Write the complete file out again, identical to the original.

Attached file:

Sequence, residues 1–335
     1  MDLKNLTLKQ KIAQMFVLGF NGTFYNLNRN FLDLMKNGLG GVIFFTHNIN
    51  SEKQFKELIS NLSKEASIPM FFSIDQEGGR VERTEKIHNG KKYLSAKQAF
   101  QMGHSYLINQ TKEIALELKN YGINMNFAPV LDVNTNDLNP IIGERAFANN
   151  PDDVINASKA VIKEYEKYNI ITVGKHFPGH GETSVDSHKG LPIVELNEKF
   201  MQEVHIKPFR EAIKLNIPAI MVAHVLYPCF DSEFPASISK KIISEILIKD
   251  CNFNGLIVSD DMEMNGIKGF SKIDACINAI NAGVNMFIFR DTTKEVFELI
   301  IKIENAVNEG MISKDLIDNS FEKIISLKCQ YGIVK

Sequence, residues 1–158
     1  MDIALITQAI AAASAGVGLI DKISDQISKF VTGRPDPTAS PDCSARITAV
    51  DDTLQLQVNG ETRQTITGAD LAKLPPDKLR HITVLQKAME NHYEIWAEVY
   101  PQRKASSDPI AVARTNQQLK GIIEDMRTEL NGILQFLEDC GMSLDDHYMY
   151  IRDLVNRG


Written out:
Sequence, residues 1–335
     1  MDLKNLTLKQ KIAQMFVLGF NGTFYNLNRN FLDLMKNGLG GVIFFTHNIN
    51  SEKQFKELIS NLSKEASIPM FFSIDQEGGR VERTEKIHNG KKYLSAKQAF
   101  QMGHSYLINQ TKEIALELKN YGINMNFAPV LDVNTNDLNP IIGERAFANN
   151  PDDVINASKA VIKEYEKYNI ITVGKHFPGH GETSVDSHKG LPIVELNEKF
   201  MQEVHIKPFR EAIKLNIPAI MVAHVLYPCF DSEFPASISK KIISEILIKD
   251  CNFNGLIVSD DMEMNGIKGF SKIDACINAI NAGVNMFIFR DTTKEVFELI
   301  IKIENAVNEG MISKDLIDNS FEKIISLKCQ YGIVK

Sequence, residues 1–158
     1  MDIALITQAI AAASAGVGLI DKISDQISKF VTGRPDPTAS PDCSARITAV
    51  DDTLQLQVNG ETRQTITGAD LAKLPPDKLR HITVLQKAME NHYEIWAEVY
   101  PQRKASSDPI AVARTNQQLK GIIEDMRTEL NGILQFLEDC GMSLDDHYMY
   151  IRDLVNRG